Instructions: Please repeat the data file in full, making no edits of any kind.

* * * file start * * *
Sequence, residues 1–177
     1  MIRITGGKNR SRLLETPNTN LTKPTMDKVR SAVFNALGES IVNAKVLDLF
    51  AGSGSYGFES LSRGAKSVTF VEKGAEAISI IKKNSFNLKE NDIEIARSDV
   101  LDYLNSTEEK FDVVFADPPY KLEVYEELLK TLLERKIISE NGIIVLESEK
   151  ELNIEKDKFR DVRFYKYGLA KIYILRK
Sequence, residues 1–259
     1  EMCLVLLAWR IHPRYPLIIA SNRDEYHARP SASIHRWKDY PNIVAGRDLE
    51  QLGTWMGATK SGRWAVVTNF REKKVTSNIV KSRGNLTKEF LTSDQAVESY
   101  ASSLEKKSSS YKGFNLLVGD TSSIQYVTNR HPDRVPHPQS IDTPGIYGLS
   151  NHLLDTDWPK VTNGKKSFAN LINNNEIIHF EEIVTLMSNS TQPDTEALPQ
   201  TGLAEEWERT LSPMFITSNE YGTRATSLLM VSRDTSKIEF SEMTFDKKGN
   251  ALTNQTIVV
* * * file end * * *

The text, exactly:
Sequence, residues 1–177
     1  MIRITGGKNR SRLLETPNTN LTKPTMDKVR SAVFNALGES IVNAKVLDLF
    51  AGSGSYGFES LSRGAKSVTF VEKGAEAISI IKKNSFNLKE NDIEIARSDV
   101  LDYLNSTEEK FDVVFADPPY KLEVYEELLK TLLERKIISE NGIIVLESEK
   151  ELNIEKDKFR DVRFYKYGLA KIYILRK
Sequence, residues 1–259
     1  EMCLVLLAWR IHPRYPLIIA SNRDEYHARP SASIHRWKDY PNIVAGRDLE
    51  QLGTWMGATK SGRWAVVTNF REKKVTSNIV KSRGNLTKEF LTSDQAVESY
   101  ASSLEKKSSS YKGFNLLVGD TSSIQYVTNR HPDRVPHPQS IDTPGIYGLS
   151  NHLLDTDWPK VTNGKKSFAN LINNNEIIHF EEIVTLMSNS TQPDTEALPQ
   201  TGLAEEWERT LSPMFITSNE YGTRATSLLM VSRDTSKIEF SEMTFDKKGN
   251  ALTNQTIVV